In this episode of Constitutionally Speaking, Jay and Luke discuss the views of Alexander Hamilton. Like James Madison, Hamilton was deeply concerned about the problem of factionalism, but his solutions were radically different. Reflecting his longstanding familiarity with world trade, Hamilton was extremely interested in the role public finance might play in unifying and strengthening the nation. From a constitutional perspective, Hamilton thought that the best way to harmonize the various forces in society was to imbue government with a “high tone,” elevating the best characters to public office, and then liberating them to do what the public interest required. In particular, he thought an energetic executive branch was essential to good government, and was eager to empower the president to distribute patronage. Madison, on the other hand, believed that such executive interference in legislative affairs was a corruption of republican government, a disagreement that contributed to the nasty political battles of the 1790s.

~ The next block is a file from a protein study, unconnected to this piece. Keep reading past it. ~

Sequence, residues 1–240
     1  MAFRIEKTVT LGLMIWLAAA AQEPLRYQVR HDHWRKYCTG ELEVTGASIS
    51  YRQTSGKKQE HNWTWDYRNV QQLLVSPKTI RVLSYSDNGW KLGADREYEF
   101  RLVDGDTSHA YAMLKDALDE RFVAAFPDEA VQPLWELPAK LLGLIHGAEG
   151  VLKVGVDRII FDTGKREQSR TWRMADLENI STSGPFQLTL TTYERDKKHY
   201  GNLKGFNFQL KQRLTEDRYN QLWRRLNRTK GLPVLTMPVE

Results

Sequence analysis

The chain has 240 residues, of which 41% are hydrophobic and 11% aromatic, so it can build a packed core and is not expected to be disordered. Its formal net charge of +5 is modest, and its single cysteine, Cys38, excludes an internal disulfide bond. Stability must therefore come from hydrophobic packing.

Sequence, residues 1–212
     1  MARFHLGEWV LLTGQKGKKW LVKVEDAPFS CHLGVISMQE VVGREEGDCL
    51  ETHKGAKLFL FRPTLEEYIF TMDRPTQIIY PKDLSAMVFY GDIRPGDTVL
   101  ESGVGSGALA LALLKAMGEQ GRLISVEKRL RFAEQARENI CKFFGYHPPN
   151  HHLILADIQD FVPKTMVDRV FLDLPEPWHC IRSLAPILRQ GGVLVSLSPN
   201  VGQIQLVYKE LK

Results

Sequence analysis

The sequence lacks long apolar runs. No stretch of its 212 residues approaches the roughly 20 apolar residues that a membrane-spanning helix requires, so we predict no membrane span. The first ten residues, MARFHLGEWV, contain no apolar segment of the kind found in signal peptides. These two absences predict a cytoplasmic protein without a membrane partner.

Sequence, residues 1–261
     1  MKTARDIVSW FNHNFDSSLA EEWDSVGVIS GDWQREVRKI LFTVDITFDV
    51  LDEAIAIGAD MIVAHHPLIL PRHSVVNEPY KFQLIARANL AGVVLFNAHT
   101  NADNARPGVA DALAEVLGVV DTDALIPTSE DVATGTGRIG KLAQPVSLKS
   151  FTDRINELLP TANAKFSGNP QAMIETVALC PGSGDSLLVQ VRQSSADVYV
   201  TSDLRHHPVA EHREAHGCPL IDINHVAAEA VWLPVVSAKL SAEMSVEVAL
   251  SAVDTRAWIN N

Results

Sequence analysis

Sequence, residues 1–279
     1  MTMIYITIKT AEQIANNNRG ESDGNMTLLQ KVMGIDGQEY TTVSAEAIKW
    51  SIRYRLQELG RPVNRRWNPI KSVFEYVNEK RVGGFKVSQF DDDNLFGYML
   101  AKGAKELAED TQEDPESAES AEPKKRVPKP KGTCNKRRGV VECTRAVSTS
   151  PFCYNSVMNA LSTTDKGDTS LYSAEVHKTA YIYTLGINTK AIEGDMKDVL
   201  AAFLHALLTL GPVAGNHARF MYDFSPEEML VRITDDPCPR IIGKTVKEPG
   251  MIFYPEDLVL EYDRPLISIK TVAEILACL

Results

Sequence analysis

- Alexander Hamilton, “The Farmer Refuted” (February 23, 1774)
- Alexander Hamilton, “Publius #1” (October 16, 1778)
- Alexander Hamilton, “The Continentalist, No. 1” (July 12, 1781)
- Alexander Hamilton, Plan of Government (June 18, 1787)
- Alexander Hamilton, Federalist 11 and 12 (November 1787)